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 Post subject: Hydrogen Sulfide Gas...
PostPosted: Thu Sep 21, 2006 1:29 am 
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Joined: Thu Sep 21, 2006 1:05 am
Posts: 20
Is preety nasty stuff I am told and can kill you in a matter of minutes?
and I hear its prvelent in Iron ore mines


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PostPosted: Thu Sep 21, 2006 10:11 am 
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Joined: Fri Jul 15, 2005 2:34 pm
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Location: Within 60 Miles of the Northern Anthracite Field
and i can actually say we've never came across it in a coal mine! blackdamp Na Co2 is found quite regularly but not hydrogen sulfide. both the iron and coal research teams have modern, calibrated msha approved gas detectors which detect 4 gases, O2, CH4, CO, and H2S. I have been told we have to watch out for Methane in coal mines since day one but again ive never seen a rise in LEL level on any of our meters to any dangerous degree. we hit blackdamp so much in some mines in fact, that we can predict where we will hit it on a given day with a given temprature before we even get there!

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 Post subject:
PostPosted: Thu Sep 21, 2006 11:04 am 
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Joined: Mon Jun 20, 2005 11:28 pm
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Location: Winnemucca, NV
Frank, it is detectable by smell only when it is in small amounts. Larger and toxic amounts of sulphide can be totally undetectable by a human nose -- not that it matters because we can detect even the smallest amounts with the passport. However, there really is very little reason geologically to find dangerous levels of hydrogen sulphide in iron mines in the Highlands. We have tested for all the major dangerous gases and found none.

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PostPosted: Thu Sep 21, 2006 12:27 pm 
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Location: Within 60 Miles of the Northern Anthracite Field
well i have smelled some rotten things in mines but only after we disturbed standing water or a rotten prop. still no notification on the meter of H4S. maybe this is the "unknown gas" eh greg?

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 Post subject:
PostPosted: Thu Sep 21, 2006 1:07 pm 
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Joined: Mon Jun 20, 2005 11:33 pm
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Location: Above the Sterling Hill Mine
Yes, H2S is suppose to be detectable by your nose at low or high levels, but the nose can't tell if it is a dangerous level or not. But in any event, we have never detected any levels of H2S in any mine. Methane, we have detected in only VERY low levels. I think the highest we ever detected is about 2 or 3% of the LEL of Methane. This would be 2 - 3% of the lower explosive limit of Methane. Methane would need to be 100% of the Lower Explosive Limit before it would be explosive.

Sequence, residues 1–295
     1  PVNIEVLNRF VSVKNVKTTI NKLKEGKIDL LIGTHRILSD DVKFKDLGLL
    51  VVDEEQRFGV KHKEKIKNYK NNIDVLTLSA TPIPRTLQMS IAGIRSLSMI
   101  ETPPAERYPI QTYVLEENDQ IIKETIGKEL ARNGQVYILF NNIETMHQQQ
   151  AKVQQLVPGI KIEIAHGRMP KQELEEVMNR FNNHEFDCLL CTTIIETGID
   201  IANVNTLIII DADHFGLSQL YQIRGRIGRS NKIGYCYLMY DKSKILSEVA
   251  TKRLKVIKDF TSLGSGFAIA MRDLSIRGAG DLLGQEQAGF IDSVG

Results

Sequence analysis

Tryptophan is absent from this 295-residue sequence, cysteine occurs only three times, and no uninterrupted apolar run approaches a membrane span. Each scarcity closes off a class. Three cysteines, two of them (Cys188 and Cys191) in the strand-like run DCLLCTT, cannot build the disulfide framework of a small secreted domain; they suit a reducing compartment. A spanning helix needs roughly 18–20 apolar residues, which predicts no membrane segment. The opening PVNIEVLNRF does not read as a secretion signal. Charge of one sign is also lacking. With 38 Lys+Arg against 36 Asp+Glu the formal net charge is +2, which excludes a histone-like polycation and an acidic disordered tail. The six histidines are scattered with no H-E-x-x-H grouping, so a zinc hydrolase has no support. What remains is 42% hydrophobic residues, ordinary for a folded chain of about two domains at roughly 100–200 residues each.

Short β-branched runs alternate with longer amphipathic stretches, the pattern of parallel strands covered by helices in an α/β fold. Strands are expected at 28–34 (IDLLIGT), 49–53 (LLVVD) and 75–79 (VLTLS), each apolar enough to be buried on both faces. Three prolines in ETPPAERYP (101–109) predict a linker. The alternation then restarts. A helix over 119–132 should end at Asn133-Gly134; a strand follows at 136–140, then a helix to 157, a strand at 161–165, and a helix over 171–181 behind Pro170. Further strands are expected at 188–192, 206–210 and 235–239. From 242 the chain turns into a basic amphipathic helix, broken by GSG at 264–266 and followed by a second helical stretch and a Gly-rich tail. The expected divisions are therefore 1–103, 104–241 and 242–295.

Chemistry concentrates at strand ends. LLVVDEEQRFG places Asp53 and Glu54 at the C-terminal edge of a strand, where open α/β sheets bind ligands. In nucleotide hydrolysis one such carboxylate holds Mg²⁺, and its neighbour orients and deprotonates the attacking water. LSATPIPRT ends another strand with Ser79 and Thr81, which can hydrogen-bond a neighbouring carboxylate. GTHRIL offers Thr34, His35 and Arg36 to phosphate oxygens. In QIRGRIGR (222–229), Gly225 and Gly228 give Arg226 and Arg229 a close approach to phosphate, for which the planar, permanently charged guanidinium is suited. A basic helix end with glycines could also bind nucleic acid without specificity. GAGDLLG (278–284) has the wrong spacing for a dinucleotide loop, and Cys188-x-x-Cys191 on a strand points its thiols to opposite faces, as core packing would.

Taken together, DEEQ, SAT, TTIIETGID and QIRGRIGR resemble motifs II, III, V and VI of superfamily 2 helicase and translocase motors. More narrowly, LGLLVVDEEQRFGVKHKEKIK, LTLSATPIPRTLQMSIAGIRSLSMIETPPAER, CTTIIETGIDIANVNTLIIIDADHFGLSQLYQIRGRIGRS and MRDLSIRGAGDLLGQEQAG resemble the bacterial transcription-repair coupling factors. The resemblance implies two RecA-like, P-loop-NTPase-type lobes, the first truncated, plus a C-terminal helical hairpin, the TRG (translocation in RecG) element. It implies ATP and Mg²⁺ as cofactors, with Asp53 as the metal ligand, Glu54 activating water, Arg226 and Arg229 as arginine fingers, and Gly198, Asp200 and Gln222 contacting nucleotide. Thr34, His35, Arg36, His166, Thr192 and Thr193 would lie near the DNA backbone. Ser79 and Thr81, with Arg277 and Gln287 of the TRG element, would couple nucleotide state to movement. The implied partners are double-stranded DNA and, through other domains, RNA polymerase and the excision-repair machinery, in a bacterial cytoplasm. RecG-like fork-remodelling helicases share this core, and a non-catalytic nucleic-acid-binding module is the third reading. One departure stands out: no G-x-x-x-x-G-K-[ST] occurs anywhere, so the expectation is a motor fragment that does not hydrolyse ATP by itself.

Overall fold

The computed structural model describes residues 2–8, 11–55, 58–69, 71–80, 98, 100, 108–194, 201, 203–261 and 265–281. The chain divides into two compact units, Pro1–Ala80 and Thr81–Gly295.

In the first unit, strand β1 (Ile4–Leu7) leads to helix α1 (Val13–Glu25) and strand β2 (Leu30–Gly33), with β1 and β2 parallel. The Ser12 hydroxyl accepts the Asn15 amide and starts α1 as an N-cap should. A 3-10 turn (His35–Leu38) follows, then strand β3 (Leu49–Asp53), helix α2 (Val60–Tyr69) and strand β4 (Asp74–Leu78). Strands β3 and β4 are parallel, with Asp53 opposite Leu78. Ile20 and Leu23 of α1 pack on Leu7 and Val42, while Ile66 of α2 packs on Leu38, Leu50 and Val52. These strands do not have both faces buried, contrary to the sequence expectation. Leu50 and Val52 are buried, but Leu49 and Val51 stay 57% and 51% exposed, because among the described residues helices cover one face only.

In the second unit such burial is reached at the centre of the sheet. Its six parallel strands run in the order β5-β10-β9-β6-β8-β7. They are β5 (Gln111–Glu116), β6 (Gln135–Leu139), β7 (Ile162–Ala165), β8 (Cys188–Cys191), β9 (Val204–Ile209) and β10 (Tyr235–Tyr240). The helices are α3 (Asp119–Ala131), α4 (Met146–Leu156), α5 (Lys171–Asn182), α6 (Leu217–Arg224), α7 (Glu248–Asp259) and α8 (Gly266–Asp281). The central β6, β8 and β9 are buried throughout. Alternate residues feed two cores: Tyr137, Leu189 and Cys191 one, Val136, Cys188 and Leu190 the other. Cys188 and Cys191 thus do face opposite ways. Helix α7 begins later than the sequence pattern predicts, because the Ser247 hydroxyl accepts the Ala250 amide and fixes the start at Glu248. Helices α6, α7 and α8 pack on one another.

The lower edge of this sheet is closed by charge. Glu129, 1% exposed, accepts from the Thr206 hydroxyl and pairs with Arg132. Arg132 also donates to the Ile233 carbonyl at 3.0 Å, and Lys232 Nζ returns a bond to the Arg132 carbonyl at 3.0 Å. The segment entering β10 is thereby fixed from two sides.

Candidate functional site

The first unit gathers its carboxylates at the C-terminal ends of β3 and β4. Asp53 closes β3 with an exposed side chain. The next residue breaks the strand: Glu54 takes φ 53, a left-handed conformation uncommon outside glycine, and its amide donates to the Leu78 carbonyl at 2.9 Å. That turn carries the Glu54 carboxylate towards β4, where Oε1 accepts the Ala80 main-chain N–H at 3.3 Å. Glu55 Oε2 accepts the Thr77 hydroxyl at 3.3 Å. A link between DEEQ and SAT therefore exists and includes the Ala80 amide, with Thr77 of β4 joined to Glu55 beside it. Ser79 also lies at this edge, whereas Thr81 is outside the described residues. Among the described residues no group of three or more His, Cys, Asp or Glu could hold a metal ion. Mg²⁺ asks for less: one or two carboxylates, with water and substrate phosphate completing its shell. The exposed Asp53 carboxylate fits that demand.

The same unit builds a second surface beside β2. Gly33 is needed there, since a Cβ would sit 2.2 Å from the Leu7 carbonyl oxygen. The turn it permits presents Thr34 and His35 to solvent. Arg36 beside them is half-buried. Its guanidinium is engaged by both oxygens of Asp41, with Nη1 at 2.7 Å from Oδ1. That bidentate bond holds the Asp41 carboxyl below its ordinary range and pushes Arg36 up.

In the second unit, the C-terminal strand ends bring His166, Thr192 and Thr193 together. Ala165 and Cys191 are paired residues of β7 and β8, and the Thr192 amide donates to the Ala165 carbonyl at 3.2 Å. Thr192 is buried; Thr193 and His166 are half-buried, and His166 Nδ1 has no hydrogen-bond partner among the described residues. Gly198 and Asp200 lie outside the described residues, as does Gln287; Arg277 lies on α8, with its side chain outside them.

For low levels of O2, like Chris said, it is generally very predicable by the mine. Certain mines will have consistent problems based on the temperature outside, and where you are in the mine. This is only predicable in the sense that we know which mines have issues with lower oxygen levels and where the problems are in the various mines. Some anthracite mines you can't go in safely in the winter, other anthracite mines will have issues in the summer. Some mines have perfect oxygen levels anytime of the year. Needless to say, you should always be sure to carry the air monitoring equipment with you in the event you hit a mine with air troubles. A mine which is fine in the winter may have bad oxygen in the summer.

Greg


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 Post subject:
PostPosted: Thu Sep 21, 2006 1:23 pm 
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Location: Winnemucca, NV
I meant to say INCREASING amounts are undetectable by the human nose. In other words, do not rely on your nose as a gas meter especially if you suspect hydrogen sulphide is in the mine. I should point out that Miner Greg is referring to coal mines with methane. This gas you will also never encounter in our iron mines. It is released by extracting coal and is especially present in an active coal mine. It is very rare to encounter methane in abandoned coal mines but still possible.

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 Post subject:
PostPosted: Thu Sep 28, 2006 6:20 pm 
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Joined: Fri Jul 08, 2005 12:41 pm
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Location: Hard coal region, PA
is Hydrogen Sulfide a bybroduct of burning coal? For example at the mine fires, when you smell sulfer is it actually hydrogen sulfide?

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 Post subject:
PostPosted: Sat Sep 30, 2006 8:40 pm 
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Location: Within 60 Miles of the Northern Anthracite Field
hey greg what sensor puked in the passport when we took it in the olyphant mine fire cause that thing went nuts, off the scale!?!

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 Post subject:
PostPosted: Wed Oct 04, 2006 10:56 pm 
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Location: Above the Sterling Hill Mine
Well, the CO (Carbon Monoxide) sensor was reading pretty high in the mine fire. As the CO reading went up to I think it was 60 or 80 PPM, and the O2 reading went down. After I left the mine fire, the O2 returned to normal and then started dropping. After that the O2 sensor was dead. It would not calibrate up to normal levels. We learned from that trip not to bring the MSA Passport into mine fires anymore!

Miner Greg


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